Reach 08 - Runaway Slaves: Exploring Britain’s Multiracial Past
Tràillean a Theich: Rannsachadh Eachdraidh Ioma-Chinneach Bhreatainn
In 1752 an enslaved teenager named Jamie was brought from Virginia to Beith in Ayrshire, where he was trained as a joiner. Then in 1756 Jamie’s master decided to send him back to Virginia and sell him, at which point the young man escaped to Edinburgh where he found work as a journeyman carpenter, before being captured and imprisoned. Jamie’s story raises some significant questions: was he exceptional, or were there other enslaved people in Britain who chose to escape, and why would he and others choose to pursue a life in Britain rather than a return to their families and communities in North America and the Caribbean? As Professor Simon Newman has discovered, there were a significant number of enslaved people in eighteenth-century Britain, and a good many of these did try to escape and seek out new lives for themselves.
The Leverhulme Trust has funded a large scale research project entitled ‘Runaway Slaves in Britain: bondage, freedom and race in the eighteenth century,’ which aims to enhance our understanding of those who escaped bondage in the British Isles prior to the legal ending of slavery. Newman is joined by two co-researchers, post-doctoral research Dr Stephen Mullen, and postgraduate research assistant Nelson Mundell. When Jamie escaped, his master placed advertisements describing the runaway and seeking his return in both Glasgow and Edinburgh newspapers, and other slave owners routinely did the same thing. The first stage of this project has involved a great deal of research in the newspaper archives of Edinburgh, Glasgow and Liverpool, to locate, transcribe and photograph these kinds of advertisements.
In many cases these short advertisements constitute the only surviving documentation about enslaved people who were brought to Britain during the eighteenth century. The advertisements include details about the slaves’ physical appearance (including occupational injuries, West African ritual scarification, and whip scars), clothing, demeanour and mannerisms, age, gender and the motives for and circumstances of their escape. Not all enslaved people in Britain were of African descent, and some of the advertisements depict Native American and Indian slaves. Newman believes that research into runaway slaves can illuminate the multi-racial nature of eighteenth-century British society, and the various ways in which Britons interacted with enslaved people of other races, both as masters and as allies in their efforts to secure freedom.
Runaway slaves provide a window onto Britain’s long and complex historical relationship with racial slavery in the early modern era. Slavery helped build eighteenth-and early-nineteenth-century Glasgow, and the profits of the plantations helped shape and name the Merchant City. Nevertheless, people have little knowledge or understanding of this darker chapter in our history, or the multiracial and multicultural nature of British society almost three centuries ago.
The Commonwealth Games in 2014 was a huge catalyst for change in this respect, as museums and cultural institutions sought to highlight Glasgow’s imperial history, including its historic ties with slavery. During the games period Newman and Mullen consulted on the ‘How Glasgow Flourished’ exhibition at Kelvingrove Museum and Gallery, helping to ensure that slavery was featured. Mullen also received a major grant from Glasgow Life in order to adapt his book on Glasgow and slavery into a series of dramatic performances in and around the Merchant City. Mullen’s work on this, and his participation in the Empire Café (which was co-organised by Professor Louise Welsh) reinforced his belief in the importance of detailed historical research when dealing with such a controversial and sensitive topic as slavery and its place in our history.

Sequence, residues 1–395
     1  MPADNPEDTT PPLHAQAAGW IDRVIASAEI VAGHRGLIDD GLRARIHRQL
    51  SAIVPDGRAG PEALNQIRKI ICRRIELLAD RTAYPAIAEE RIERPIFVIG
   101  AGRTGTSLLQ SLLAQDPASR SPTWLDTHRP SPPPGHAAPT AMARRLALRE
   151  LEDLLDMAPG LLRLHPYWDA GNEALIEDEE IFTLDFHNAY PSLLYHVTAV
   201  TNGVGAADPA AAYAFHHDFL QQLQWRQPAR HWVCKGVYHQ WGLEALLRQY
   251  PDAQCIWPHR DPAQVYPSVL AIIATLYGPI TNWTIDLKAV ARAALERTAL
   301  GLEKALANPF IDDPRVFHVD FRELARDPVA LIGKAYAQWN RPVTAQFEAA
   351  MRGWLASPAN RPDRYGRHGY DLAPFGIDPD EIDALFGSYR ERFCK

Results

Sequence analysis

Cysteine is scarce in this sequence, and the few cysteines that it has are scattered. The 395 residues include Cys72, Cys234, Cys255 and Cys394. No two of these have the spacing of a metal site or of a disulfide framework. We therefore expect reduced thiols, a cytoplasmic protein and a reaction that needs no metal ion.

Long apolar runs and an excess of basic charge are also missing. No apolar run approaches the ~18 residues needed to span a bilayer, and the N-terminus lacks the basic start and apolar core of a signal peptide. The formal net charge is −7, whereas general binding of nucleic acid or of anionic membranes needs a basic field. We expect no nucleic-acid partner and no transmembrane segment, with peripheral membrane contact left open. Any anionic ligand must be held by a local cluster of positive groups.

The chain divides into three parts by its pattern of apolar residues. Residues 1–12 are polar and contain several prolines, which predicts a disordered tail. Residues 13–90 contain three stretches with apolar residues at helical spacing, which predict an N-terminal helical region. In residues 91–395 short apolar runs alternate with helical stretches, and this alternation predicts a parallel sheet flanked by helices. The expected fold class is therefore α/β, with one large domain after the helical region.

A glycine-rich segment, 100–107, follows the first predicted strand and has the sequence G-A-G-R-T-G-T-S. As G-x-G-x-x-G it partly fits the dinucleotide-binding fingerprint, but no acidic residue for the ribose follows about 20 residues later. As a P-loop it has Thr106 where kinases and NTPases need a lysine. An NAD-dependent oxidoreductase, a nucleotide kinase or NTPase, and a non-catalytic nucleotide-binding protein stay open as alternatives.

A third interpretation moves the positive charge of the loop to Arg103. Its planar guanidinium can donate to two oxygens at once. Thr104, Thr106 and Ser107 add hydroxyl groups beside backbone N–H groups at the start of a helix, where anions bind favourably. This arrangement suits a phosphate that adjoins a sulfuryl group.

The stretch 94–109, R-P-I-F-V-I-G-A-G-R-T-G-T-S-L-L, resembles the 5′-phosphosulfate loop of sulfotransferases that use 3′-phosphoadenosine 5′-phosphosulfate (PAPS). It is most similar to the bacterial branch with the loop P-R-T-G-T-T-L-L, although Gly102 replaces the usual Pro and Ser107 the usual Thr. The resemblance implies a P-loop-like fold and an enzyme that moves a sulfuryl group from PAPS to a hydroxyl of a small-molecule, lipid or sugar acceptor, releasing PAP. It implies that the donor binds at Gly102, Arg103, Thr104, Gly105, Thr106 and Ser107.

There is great popular interest in this subject. BBC Radio will devote an entire episode of their forthcoming ‘Blacks in Britain’ series to the research of the Runaway Slaves project (to be broadcast during Black History Month in October 2016). Prof. Newman spoke about several of these runaways, including Jamie Montgomery, in Glasgow University’s first James McCune Smith Lecture. Dr. McCune Smith was the first African American to receive a medical degree when he graduated M.D. from Glasgow in 1837.
The ultimate goal of the Runaway Slaves project is the development of a fully searchable online database of eighteenth-century runaway slave advertisements, so that researchers, school learners and the public can access them. Furthermore, the project team will develop these resources for teaching, and Mundell, as a former teacher, is helping to foster links with a network of teachers. Greg Murray (St. Mary’s School, Edinburgh) notes that ‘Slavery is already one of the most taught topics in Scottish schools, but to many students it happened far away involving people very unlike them - runaway slave adverts will perfectly illustrate to our students that Slavery wasn’t just in the Americas.’ The team is also collaborating with a renowned artist from DC Comics in creating a graphic novel about a Scottish runaway slave, to be used in Scottish schools in conjunction with primary sources and teaching materials.
To access the growing Runaway Slaves database, learn more about the project or contact the research team, visit the project website.
If you wish to find out more about this article or about how you can progress your ideas (i) as an academic wishing to engage with a non-academic organisation or (ii) as a non-academic organisation interested in engaging with the academic knowledge base, please email the College of Arts KE Team.
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